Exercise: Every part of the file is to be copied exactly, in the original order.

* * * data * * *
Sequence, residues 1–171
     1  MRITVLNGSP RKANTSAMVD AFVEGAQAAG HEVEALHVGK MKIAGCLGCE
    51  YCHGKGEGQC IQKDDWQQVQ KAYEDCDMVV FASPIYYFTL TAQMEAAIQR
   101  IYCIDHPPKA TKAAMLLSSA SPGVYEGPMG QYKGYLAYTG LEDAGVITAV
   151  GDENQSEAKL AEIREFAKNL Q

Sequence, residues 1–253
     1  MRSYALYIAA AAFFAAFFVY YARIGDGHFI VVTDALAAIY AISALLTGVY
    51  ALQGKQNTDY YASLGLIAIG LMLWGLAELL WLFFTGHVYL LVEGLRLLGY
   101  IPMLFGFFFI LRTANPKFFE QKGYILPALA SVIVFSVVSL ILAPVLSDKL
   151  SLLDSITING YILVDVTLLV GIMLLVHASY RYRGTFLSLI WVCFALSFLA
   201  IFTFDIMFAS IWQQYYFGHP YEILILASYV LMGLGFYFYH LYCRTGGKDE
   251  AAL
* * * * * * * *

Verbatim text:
Sequence, residues 1–171
     1  MRITVLNGSP RKANTSAMVD AFVEGAQAAG HEVEALHVGK MKIAGCLGCE
    51  YCHGKGEGQC IQKDDWQQVQ KAYEDCDMVV FASPIYYFTL TAQMEAAIQR
   101  IYCIDHPPKA TKAAMLLSSA SPGVYEGPMG QYKGYLAYTG LEDAGVITAV
   151  GDENQSEAKL AEIREFAKNL Q

Sequence, residues 1–253
     1  MRSYALYIAA AAFFAAFFVY YARIGDGHFI VVTDALAAIY AISALLTGVY
    51  ALQGKQNTDY YASLGLIAIG LMLWGLAELL WLFFTGHVYL LVEGLRLLGY
   101  IPMLFGFFFI LRTANPKFFE QKGYILPALA SVIVFSVVSL ILAPVLSDKL
   151  SLLDSITING YILVDVTLLV GIMLLVHASY RYRGTFLSLI WVCFALSFLA
   201  IFTFDIMFAS IWQQYYFGHP YEILILASYV LMGLGFYFYH LYCRTGGKDE
   251  AAL